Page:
Garden guru Jane Griffith's recipe for a nutritious fertiliser tea

08 November 2015 - 02:00 By Andrew Unsworth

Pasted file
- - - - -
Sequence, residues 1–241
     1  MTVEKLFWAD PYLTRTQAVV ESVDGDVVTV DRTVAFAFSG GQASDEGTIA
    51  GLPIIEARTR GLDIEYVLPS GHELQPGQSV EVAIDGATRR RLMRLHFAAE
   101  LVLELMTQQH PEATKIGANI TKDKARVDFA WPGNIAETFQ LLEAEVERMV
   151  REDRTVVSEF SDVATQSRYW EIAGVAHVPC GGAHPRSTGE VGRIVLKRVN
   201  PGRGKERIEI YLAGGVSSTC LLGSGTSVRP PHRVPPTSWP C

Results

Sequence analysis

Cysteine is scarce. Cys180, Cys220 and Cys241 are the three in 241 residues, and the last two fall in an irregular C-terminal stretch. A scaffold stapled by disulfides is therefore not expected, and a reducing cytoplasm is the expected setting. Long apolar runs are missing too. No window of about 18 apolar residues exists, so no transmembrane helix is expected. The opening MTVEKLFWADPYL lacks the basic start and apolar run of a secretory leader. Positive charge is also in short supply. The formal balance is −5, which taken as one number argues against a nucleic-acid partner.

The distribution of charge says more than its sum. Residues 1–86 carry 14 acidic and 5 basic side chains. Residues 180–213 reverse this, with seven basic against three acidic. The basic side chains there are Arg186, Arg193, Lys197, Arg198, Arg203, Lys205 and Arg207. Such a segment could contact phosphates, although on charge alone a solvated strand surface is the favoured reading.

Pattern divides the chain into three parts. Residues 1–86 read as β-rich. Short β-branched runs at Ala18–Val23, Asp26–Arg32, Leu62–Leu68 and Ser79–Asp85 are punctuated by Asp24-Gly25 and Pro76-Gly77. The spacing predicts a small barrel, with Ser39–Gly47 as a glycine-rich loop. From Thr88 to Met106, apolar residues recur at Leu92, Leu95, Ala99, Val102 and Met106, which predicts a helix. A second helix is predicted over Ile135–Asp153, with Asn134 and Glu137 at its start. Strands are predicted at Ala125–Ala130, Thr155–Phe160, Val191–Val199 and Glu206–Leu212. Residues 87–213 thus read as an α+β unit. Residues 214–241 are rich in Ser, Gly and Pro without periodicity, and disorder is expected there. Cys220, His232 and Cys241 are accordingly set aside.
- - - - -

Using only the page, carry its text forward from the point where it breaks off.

After looking at the pictures in her latest book 'Jane's Delicious Urban Gardening', one would expect Jane Griffiths's own garden in Johannesburg to be super-planned and neat. But it's a gloriously unplanned cottage garden, the perfect answer to Mirabel Osler's book 'A Gentle Plea For Chaos'. The actual vegetable garden is surprisingly small, about 50m², but Griffiths admits that while it started in one corner it "just grew" with another bed here, another path here, and another tree over there. The lawn ever diminishes. It started with a trip to California where she was inspired by a friend's garden full of chillies of every shape and hue."I was so inspired by this rainbow vision I bought a packet of every variety of chilli seed I could lay my hands on. Back home I removed a section of lawn, dug in some compost, scattered the seeds and sat back to watch my chillies grow."story_article_left1It took her ages to show me around and we spoke about every plant and technique used: for plant-lovers, time is irrelevant. There is a gnarled old plum tree that a previous owner came to see: she remembered it being old in the 1930s. Most people would have dug it up, Griffiths still makes jam from its fruit.There are tomato seedlings settling in to ramble through a rustic green bamboo frame, all of them heirloom varieties. A "My Granny" rose shares an archway with a young peach tree which will be trained over it as well. A fig tree grows against a wall, also ready to be espaliered into a manageable shape. Intriguingly, potatoes sprout in rolled-down fibrous bags set down on paving: as they grow the bags are unrolled up and filled up with soil. When the time comes you just tip the lot out and harvest the freshest spuds ever.With limited room, Griffiths has been quick to explore vertical space, with trellises and frames or simply vines rambling through other shrubs. Everything is organic - dead plants are laid flat and leaves are left to compost their own beds, or they join the compost heap. Plants grow where the seed fell, but there is also deliberate mixing of companion plants - vegetables, culinary and medicinal herbs, and flowers, to ward off pests.Griffiths, who works in TV production, is no full-time gardener and says her books are written with busy urban people in mind. And she believes that gardening is good for them. "I have tasted the benefits of being able to slow down and wait," she says, and although she sounds incredibly active (she is also an artist) any gardener will know what she means: and those who do not should find out. Not for nothing she calls herself a "spiritual gardener".mini_story_image_hright1JANE'S FERTILISER TIPSFertiliser plantsThere are many herbs and plants that accumulate nutrients and can be used as fertiliser-creating plants. Some of these are considered weeds by many gardeners - stinging nettle, yarrow or chickweed. To get the benefits of the nutrients, use the leaves as mulch, add the leaves (or whole plant) to the compost pile, or brew a fertiliser tea.Fertiliser teaThis tea is a nutritious feed for hungry plants. Half fill a bucket with nutrient-accumulating plants. Cover the plants with boiling water and let them rot for about a month, stirring every now and then. Dilute one part tea to 10 parts water, and use as a soil drench or foliar spray. If you use a bucket with a tap, you can top up the brew and pour it off whenever you need it. This tea can be applied every one to two weeks.'Jane's Delicious Urban Gardening' is published by Sunbird (R295)...

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